Gestational diabetes is the appearance of diabetes during pregnancy. It affects approximately 2% to 5% of all pregnant women. Once gestational diabetes occurs, it carries throughout the reminder of the pregnancy and usually disappears when a pregnancy is over.
Gestational diabetes is a results of certain hormones produced during pregnancy making the body resistant to the effects of insulin. These hormones are cortisal and human placental lactogen. Both of these hormones are vital to a health pregnancy and fetus. In normal circumstances during pregnancy, pancreas will reacts and produce enough insulin to overcome this resistance, but with women who have gestational diabetes the extra insulin produced is not enough. Hence, the glucoses are not being processed for the use of cells to produce body fuel. The glucoses then remain and accumulate in the bloodstream causing gestational diabetes.
Statistic shows that gestational diabetes occurs more frequently in African Americans, Hispanic/Latino Americans, and American Indians. But it is also appropriate for women with a family history of diabetes, or who is overweight, or has symptoms suggesting diabetes to undergo testing at the first prenatal visit. Most other pregnant women should be tested 24-28 weeks into their pregnancy.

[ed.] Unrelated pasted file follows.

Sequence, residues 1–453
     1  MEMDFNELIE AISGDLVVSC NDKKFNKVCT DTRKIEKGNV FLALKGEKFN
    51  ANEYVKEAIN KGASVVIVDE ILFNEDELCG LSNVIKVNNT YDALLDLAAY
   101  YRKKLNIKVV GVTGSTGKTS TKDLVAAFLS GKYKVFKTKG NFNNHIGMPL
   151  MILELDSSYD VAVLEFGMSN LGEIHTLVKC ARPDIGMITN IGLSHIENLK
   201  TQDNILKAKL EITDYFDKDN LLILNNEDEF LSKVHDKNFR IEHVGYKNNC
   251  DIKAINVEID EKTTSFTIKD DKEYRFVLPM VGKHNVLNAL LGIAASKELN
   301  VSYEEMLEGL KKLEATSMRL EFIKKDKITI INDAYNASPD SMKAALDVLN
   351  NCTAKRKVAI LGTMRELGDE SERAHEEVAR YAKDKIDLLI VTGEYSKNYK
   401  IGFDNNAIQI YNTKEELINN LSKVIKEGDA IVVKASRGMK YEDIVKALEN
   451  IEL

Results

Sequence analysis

Diabetes will generally appear during pregnancy and usually return to normal after the women gives birth. However, the fact that the pancreas cannot maintain the normal insulin demands during the course of pregnancy suggests that it is operating without much reserve even when the individual is not pregnant. This suggests that women who develop gestational diabetes are at an increased risk of developing type 2 diabetes later in life.
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